Honestly, I think if you just give more of a release over the fence you'll look a lot better. =) Good luck this Sunday!! Let us know how you do. What division are you showing in?
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post #4 of 17 Old 04-03-2009, 03:49 AM
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You looked great, but I'm no expert I just wanted to say Goodluck with your show

Horseriding- The art of keeping a horse between you and the ground.
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post #5 of 17 Old 04-03-2009, 07:36 AM
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Ooh I'm glad to see new videos of you and Indy. No critique from me... you two make a great team and are inspiring to watch!

Every ride, good or bad, teaches you something new.
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post #6 of 17 Old 04-03-2009, 09:41 AM Thread Starter
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Thanks very much to all of you!
I'll work on those releases, I do realize I have some trouble with them sometimes, probably because I'm scared I'll release too much and not have enough time to hold him back again or something.. :/

And thanks for the luck, I'm starting in an 80 and 90 cm. class!
I sure will try to get a video of it in here ;)

"When I bestride him, I soar, I am a hawk: he trots the air; the earth sings when he touches it; the basest horn of his hoof is more musical than the pipe of Hermes." -Shakespeare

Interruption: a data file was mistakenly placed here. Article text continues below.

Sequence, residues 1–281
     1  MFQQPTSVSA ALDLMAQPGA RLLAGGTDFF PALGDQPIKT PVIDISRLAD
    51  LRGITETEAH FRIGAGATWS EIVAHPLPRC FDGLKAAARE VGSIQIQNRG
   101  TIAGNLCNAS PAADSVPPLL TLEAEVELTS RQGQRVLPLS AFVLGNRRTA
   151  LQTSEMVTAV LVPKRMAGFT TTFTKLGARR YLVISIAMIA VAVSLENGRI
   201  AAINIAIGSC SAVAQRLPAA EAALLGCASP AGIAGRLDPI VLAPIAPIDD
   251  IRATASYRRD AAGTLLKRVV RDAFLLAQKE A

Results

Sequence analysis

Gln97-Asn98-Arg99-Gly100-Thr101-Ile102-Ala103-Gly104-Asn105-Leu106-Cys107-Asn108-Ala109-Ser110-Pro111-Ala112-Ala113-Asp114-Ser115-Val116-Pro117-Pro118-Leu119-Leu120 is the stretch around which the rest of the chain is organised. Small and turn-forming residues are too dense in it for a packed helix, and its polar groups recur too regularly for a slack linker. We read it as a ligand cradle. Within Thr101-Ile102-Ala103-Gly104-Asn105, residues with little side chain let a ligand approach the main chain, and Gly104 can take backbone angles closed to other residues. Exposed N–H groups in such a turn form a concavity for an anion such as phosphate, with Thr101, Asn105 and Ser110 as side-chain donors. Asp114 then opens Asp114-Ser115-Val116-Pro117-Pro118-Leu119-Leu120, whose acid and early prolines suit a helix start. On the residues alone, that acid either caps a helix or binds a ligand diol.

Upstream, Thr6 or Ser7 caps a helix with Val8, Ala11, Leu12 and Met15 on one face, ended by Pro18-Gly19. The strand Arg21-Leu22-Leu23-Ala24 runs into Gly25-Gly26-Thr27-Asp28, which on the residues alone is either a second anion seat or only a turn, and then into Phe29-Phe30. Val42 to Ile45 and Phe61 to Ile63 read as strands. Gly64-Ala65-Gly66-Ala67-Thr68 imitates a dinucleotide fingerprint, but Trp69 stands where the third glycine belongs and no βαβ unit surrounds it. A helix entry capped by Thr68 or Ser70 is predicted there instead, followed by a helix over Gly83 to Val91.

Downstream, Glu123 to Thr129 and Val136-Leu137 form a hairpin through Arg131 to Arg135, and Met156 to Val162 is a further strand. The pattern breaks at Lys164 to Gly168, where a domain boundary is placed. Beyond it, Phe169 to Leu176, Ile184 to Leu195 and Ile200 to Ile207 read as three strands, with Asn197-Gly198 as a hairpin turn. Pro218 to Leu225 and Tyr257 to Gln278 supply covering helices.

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post #7 of 17 Old 04-03-2009, 09:53 AM
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You and that horse need to go back to the basics of jumping.

You both need gridwork and I am surprised that your coach hasn't either seen this or is working on poles in front and after the jumps.
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post #8 of 17 Old 04-03-2009, 10:09 AM Thread Starter
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Quote:
Originally Posted by Spyder View Post
You and that horse need to go back to the basics of jumping.

You both need gridwork and I am surprised that your coach hasn't either seen this or is working on poles in front and after the jumps.
Please say what it is that looks so wrong to you in our jumping.. Like reasons why you think that :)

"When I bestride him, I soar, I am a hawk: he trots the air; the earth sings when he touches it; the basest horn of his hoof is more musical than the pipe of Hermes." -Shakespeare